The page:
Joyce Beatty had never been pepper-sprayed before.
Growing up in Dayton during the 1960s, the 70-year-old Ohio congresswoman remembers having to use a different water fountain from the white people in her community, and having to swim in a different public pool. Throughout her life and political career, which began in the state legislature in the late ’90s, she’d taken part in many civil-rights demonstrations.
But the pepper spray was new to her. It “shuts you down,” she told me in an interview this morning. “It gets into your lungs. You’re coughing profusely. You can’t see.”
It happened yesterday afternoon, when Beatty joined a group of demonstrators in downtown Columbus protesting police violence following the killing of George Floyd, a black man who died Monday after a Minneapolis police officer knelt on his neck for almost nine minutes. In videos of the protest now circulating on Twitter, Beatty, with her gray hair, red mask, and hot-pink sweatshirt tied around her small waist, is easy to spot. Standing in front of a Pizza Rustica, she can be heard urging her fellow protesters not to taunt the police. “Don’t excite them!” she yells, again and again. For a few seconds, the scene seems as if it could de-escalate. Then, suddenly, an officer throws a protester to the ground, and any semblance of order is lost. The crowd surges forward, with Beatty at the front, waving her arms. The officers begin to pepper-spray people indiscriminately; the crowd disperses, screaming; and Beatty is led away by two colleagues.
In that moment, Beatty told me, she wasn’t a member of Congress. She was just another black American attacked while protesting injustice—one of innumerable others across the long expanse of history. The events of the past week, she said, represent “a collection of historic anger.”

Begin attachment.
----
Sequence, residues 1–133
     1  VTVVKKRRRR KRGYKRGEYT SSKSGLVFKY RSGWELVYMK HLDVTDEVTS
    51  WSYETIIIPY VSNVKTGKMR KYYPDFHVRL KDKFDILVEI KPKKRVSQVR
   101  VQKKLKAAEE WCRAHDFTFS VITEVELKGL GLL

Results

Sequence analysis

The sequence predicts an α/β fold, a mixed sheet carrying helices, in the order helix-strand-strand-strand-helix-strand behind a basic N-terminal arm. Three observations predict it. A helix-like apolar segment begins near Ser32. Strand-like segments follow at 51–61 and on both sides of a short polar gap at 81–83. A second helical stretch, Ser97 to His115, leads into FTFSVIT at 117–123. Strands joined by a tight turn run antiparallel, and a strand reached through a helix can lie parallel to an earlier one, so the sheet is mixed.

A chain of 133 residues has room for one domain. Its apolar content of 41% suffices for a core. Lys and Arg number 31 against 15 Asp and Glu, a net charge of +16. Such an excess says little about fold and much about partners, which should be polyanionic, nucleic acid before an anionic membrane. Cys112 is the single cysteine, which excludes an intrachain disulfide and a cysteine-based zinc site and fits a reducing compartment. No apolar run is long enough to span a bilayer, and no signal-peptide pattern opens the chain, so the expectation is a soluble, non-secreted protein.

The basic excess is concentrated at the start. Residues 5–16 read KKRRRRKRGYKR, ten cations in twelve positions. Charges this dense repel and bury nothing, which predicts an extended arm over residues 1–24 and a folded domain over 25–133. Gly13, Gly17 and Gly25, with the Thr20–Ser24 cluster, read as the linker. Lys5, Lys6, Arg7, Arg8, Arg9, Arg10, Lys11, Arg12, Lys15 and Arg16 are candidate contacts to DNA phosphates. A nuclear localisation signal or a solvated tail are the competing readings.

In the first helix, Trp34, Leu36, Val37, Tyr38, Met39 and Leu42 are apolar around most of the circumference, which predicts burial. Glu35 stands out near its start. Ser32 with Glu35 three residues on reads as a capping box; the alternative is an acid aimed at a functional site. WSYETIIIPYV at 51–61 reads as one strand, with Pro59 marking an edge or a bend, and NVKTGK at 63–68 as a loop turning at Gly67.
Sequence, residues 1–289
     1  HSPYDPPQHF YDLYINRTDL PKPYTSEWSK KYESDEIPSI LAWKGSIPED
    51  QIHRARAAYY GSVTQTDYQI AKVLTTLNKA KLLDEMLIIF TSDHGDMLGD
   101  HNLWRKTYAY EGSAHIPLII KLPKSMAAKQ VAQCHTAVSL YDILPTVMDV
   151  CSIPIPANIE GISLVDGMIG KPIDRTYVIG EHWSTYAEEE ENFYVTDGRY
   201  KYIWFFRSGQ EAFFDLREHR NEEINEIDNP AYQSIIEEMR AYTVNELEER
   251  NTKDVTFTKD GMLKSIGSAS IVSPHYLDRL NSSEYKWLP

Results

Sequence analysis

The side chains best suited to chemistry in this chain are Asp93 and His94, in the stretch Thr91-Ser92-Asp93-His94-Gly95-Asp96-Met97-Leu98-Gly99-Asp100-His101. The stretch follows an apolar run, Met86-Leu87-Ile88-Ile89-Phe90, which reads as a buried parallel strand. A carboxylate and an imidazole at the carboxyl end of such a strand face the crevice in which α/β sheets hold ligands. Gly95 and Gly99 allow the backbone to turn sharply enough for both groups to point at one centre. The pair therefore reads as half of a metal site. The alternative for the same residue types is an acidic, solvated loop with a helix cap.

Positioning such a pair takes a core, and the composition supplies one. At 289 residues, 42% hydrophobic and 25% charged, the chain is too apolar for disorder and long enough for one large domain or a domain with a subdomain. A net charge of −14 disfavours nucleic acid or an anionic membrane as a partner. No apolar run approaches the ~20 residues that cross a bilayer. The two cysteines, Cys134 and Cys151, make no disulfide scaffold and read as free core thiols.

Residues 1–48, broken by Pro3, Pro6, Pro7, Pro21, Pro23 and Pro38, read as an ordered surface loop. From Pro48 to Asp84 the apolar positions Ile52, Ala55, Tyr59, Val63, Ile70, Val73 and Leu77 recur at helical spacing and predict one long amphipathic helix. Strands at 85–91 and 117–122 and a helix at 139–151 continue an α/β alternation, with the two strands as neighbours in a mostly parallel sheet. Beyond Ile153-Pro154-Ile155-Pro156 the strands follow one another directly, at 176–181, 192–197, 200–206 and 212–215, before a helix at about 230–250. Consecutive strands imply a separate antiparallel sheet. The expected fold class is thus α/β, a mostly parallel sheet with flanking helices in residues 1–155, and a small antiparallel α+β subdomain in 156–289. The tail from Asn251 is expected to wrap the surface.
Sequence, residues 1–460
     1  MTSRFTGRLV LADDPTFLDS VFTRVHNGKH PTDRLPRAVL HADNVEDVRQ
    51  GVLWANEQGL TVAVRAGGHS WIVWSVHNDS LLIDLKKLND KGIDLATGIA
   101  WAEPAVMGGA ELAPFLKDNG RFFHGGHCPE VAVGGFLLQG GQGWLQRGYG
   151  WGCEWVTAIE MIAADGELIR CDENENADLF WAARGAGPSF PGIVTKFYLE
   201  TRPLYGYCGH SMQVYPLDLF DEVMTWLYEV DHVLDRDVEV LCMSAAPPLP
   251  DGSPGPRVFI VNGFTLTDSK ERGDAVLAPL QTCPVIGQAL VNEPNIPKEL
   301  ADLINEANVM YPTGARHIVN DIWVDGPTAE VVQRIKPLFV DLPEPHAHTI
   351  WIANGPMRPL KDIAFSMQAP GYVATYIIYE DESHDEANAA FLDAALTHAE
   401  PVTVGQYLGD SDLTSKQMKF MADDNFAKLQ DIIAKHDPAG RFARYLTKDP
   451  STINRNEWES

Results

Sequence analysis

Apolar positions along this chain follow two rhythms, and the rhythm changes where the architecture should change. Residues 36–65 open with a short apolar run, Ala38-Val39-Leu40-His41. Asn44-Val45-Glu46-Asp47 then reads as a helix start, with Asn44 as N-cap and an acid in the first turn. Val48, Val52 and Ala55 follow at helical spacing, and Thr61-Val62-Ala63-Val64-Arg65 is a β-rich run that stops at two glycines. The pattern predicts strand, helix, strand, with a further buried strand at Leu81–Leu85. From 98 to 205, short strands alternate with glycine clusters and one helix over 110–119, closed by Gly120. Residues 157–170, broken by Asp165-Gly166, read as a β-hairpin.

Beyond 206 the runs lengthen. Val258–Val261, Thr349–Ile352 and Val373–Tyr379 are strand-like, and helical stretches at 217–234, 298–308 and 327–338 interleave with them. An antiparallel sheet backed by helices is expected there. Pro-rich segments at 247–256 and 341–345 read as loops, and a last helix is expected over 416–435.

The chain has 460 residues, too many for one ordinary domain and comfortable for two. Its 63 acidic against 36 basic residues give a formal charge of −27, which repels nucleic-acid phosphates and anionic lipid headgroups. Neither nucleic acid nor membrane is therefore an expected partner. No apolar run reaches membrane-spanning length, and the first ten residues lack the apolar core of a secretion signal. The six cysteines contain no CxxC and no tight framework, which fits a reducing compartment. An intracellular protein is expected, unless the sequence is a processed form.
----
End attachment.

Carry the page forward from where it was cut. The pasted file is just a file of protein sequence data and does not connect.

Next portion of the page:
I talked with Beatty about that anger, and the response from those in positions of power. Our interview has been lightly edited and condensed for clarity.
Elaine Godfrey: Could you walk me through your day yesterday? How did you end up at the protests, and what happened there?
Joyce Beatty: I wanted to go and stand in solidarity with the protesters, because they were peaceful protesters. They wanted their voices to be heard in light of what has happened nationally, because if something happens directly to one of us, it happens indirectly to all of us.
It was about standing up for George Floyd, what happened to Ahmaud Arbery; it was about what happened to Breonna Taylor in Kentucky, and all of those before. I wanted to be a part of that and to show [that] this is my community, my district. I wanted to show them that I am not only their congressperson, but I’m also a black woman out here who sits on the floor with the honorable John Lewis—understanding that peaceful protesting is something that we should all be doing.
Racism is still alive. We see that all over the nation. We see the disparities. We see the voter suppression. That’s why I was there—as an individual who happens to also be the people’s congresswoman.
Godfrey: What happened at the protest after you arrived?
Beatty: It was a two-hour event, and an hour and 45 minutes [into] the event, absolutely no issues, no problem. Police were deployed at the end. At that point, there were protesters who went in the street [which was against the rules of the protest]. Now, many of those police officers were gracious. [But as protesters kept moving, another group of officers] were more aggressive with their bicycles and shields, pushing people back, even though they were on the sidewalk. There were some people who put their foot on the street, showing their defiance. But they were not in the middle of the street.